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The Kennewick courier-reporter. [volume] (Kennewick, Wash.) 1939-1949, July 25, 1940, Image 2

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Persistent link: https://chroniclingamerica.loc.gov/lccn/sn87093044/1940-07-25/ed-1/seq-2/

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@ll2 Kenmmirk Gnufirr-flrpnmr
Issued Thursdays by The Kennewick Printing 00.. 217 Kennewick Agenue, Kennewick, Washington
Member of National Editorial Association and Washington Newspaper Publishers Association, Inc.
Wfl—w
Subscription $22.00 per year R. E. REED, Editor and Publisher
M
The Courier, est. March 27, 1902 The Reporter. est. January 24, 1908 Consolidated April 1. 1914
M
Entered as Second Class matter, April 2, 1914 at P. 0. at Kennewick. Wash., under act of March 3. 1879
ADDITIONAL PENNIES
'There are reports coming in from
the nation regarding the addition
or pennies to liquors, gasoline,
movies and many other things. The
general concensus of opinion is that
there is not wide-spread disapprov
al of the increase of cost since this
tax is a way of paying for a na
tional suit of armor, of stopping the
hole in the dike with pennies to
keep the flood from our homes.
When we know of the heavy arma
ment taxes that other countries are
paying on small salaries, food, ne
cessities and luxuries of all types,
we know that we are not suffer
ing so much. The EngliSh people
are portioning. rationing and stint
ing until it hurts. The cost of an
auto plus the heavy new tax over
there has made it a luxury to own
one. You have to be pretty well
fixed to buy ‘petrol’ to fill the tank.
Our new taxes are needed to pay for
the national defense program and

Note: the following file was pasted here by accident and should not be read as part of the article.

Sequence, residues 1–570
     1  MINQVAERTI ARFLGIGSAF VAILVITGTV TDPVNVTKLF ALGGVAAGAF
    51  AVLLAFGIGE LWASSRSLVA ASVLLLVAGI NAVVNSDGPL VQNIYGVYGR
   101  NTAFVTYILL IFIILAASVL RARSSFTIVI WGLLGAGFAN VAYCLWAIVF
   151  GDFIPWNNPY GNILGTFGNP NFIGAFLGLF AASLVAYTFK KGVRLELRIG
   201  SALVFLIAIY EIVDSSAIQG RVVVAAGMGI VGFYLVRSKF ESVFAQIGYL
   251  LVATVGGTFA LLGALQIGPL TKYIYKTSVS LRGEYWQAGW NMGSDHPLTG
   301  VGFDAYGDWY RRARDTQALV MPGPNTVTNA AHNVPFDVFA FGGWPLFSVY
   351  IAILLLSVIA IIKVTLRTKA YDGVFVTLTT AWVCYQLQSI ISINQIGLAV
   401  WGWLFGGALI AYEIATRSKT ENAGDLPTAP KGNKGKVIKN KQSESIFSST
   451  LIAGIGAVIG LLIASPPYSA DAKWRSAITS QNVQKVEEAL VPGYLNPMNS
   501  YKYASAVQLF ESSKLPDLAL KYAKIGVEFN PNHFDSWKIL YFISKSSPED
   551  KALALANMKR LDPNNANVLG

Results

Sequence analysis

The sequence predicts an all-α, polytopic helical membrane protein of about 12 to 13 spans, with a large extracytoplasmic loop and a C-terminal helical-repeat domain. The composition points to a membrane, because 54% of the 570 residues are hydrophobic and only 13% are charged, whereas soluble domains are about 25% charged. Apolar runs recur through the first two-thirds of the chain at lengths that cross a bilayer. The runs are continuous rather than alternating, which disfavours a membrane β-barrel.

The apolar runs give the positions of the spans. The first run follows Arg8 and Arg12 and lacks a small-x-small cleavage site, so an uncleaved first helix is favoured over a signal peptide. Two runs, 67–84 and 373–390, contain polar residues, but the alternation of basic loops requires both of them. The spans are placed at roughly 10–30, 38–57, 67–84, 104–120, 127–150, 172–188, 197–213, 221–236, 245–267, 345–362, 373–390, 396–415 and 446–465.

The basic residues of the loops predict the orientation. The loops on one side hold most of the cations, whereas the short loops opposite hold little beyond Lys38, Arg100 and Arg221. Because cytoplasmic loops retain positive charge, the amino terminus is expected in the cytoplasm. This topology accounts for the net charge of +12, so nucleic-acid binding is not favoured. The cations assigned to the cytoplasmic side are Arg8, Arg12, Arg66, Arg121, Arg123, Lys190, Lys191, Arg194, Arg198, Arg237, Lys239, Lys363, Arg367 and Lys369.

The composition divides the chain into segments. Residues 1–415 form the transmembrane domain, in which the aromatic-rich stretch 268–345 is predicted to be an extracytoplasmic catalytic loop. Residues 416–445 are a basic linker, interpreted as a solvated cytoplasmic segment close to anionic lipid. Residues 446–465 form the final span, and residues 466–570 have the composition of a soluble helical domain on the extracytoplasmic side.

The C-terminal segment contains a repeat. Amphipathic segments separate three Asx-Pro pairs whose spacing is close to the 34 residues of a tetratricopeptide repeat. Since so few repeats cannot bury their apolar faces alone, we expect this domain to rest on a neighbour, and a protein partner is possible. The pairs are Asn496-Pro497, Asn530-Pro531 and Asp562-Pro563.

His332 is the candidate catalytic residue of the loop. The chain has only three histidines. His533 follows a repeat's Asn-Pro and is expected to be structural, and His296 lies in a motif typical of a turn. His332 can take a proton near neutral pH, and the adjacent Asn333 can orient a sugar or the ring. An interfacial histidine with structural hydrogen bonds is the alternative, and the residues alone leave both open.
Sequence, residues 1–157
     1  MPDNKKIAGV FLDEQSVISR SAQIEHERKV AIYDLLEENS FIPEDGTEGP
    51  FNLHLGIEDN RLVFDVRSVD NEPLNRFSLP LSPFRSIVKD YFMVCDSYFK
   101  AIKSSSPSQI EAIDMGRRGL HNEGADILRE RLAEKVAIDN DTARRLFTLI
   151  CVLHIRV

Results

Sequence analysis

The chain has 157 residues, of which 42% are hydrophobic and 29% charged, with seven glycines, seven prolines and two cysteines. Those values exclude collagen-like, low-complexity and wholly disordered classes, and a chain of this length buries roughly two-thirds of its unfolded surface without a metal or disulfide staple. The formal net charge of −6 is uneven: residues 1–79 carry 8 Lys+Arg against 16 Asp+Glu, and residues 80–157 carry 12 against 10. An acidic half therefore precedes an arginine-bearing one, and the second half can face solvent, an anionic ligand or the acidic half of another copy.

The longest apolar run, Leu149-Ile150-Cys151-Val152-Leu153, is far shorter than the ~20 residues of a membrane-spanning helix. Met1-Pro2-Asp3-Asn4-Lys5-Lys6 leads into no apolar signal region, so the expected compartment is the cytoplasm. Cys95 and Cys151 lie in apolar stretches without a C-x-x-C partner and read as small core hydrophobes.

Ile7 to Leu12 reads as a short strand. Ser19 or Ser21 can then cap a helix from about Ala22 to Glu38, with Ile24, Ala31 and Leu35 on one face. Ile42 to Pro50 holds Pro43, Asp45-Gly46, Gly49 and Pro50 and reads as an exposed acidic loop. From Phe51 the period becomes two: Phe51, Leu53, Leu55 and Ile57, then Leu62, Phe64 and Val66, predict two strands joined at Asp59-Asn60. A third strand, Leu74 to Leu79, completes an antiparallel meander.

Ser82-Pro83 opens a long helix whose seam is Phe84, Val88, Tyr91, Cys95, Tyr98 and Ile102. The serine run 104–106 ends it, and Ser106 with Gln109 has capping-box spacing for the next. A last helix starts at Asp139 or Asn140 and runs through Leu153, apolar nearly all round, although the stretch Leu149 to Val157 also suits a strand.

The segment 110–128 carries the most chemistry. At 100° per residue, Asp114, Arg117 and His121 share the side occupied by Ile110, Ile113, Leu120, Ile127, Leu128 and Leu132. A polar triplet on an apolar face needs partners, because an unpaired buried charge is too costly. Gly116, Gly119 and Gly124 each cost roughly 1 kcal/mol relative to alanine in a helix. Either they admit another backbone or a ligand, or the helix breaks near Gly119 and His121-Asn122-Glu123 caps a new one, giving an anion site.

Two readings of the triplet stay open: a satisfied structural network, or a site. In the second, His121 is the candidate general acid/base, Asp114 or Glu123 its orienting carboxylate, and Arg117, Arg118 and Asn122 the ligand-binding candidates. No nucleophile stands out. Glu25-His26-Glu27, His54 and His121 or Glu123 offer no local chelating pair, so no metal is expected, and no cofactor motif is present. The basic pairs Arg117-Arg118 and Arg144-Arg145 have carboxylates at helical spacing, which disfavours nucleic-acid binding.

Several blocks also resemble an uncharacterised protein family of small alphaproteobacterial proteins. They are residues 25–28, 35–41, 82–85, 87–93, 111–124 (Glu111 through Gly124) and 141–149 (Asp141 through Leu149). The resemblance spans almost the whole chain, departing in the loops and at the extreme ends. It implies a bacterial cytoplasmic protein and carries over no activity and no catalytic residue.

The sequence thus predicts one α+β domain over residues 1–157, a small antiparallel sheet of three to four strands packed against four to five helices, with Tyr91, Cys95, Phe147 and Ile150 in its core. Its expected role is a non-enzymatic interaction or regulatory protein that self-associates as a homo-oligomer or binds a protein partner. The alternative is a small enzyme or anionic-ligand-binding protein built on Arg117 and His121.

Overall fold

however we might side politically,
we are all of one mind—to protect
our home!
We are omy human when, as tax
payers, we insist that our money be
well spent. There are too many
taxes that are «00115th used and
there probably isn’t a voter who has
not a grievance of some kind over
one one tax. But this new levy,
for our country’s protection in time
of great trmble, is money that we
do not generally begrudge. So when
the reports come in that there are
very few complaints over the addi
tional pennies. it makes us feel
that in such unified sentiments we
are a stronger nation. This is a
bulwark against the storm.
AWORDFORBUSIINZESS
The editorm columns of the na
tion’s papers perhaps pay too little
homage to the business man. We
refer to the average man engaged
in an average community like Ken
newick, who helps the town and his
neighbors, tries to weather each
economic storm that (hits, hopes to
hold hs own and balance the led
ger to everybody’s mtistaction. The
days of the head or bass having the
easytnneispast. Itlsthehead
aohe of business men to meet pres
ent demands, of changing markets
of buckets and balance sheets, of
innumerable taxes, 0: wage and hour
laws.
The businas man is called upon
to support local projects, is asked
to subscribe and sponsor to many
civic programs. He enters into it
with a good public spirit although
the duties and responsibilities of his
bushes have increased to where
they become quite a burden. Man
has made business more complex,
but that is to be expected since
there is so much more of it, cov
ering increased territory and con
cerning more individuals. The
troubles of our business men have
been heard and his plea for con
sideration been registered. He may
be under-maid and over-taxed, but
he will not be unappreciated by
this column. A tribute to the hon
est business man who backs the na
tion with his economic bit and who
helm to make this a country of in
dividuals. '
'lthose bitterly opposed to prepard
neas would be the first one in the
event a foreign power invaded our
shores, or rstricted their rights, to
want to send out soldiers to fight
modern tanks with their bare hands
as the Chinese are having to do.
Telephone Sewice
Saves in Many Ways
This service is so economical and there is no
better investment in household necessities than
a telephone.
0 It is the No. 1 necessity these hot days—be
cause it saves so many steps and nothing gives